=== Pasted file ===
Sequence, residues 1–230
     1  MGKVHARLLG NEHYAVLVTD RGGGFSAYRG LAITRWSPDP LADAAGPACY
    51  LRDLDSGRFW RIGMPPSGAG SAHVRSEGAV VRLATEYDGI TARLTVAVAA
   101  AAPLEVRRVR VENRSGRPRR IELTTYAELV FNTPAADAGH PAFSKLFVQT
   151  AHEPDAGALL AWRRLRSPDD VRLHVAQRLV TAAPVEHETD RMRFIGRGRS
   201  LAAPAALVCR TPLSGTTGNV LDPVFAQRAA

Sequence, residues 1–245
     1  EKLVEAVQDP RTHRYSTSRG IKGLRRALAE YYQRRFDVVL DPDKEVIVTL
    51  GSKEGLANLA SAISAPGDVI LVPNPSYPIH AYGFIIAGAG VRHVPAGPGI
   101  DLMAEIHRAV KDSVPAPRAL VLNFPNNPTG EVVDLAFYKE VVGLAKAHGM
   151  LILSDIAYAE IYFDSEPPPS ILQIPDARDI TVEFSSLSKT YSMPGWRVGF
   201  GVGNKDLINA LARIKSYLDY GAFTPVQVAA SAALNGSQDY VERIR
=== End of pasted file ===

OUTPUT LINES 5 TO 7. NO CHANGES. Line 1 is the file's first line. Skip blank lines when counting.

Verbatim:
   151  AHEPDAGALL AWRRLRSPDD VRLHVAQRLV TAAPVEHETD RMRFIGRGRS
   201  LAAPAALVCR TPLSGTTGNV LDPVFAQRAA

Sequence, residues 1–245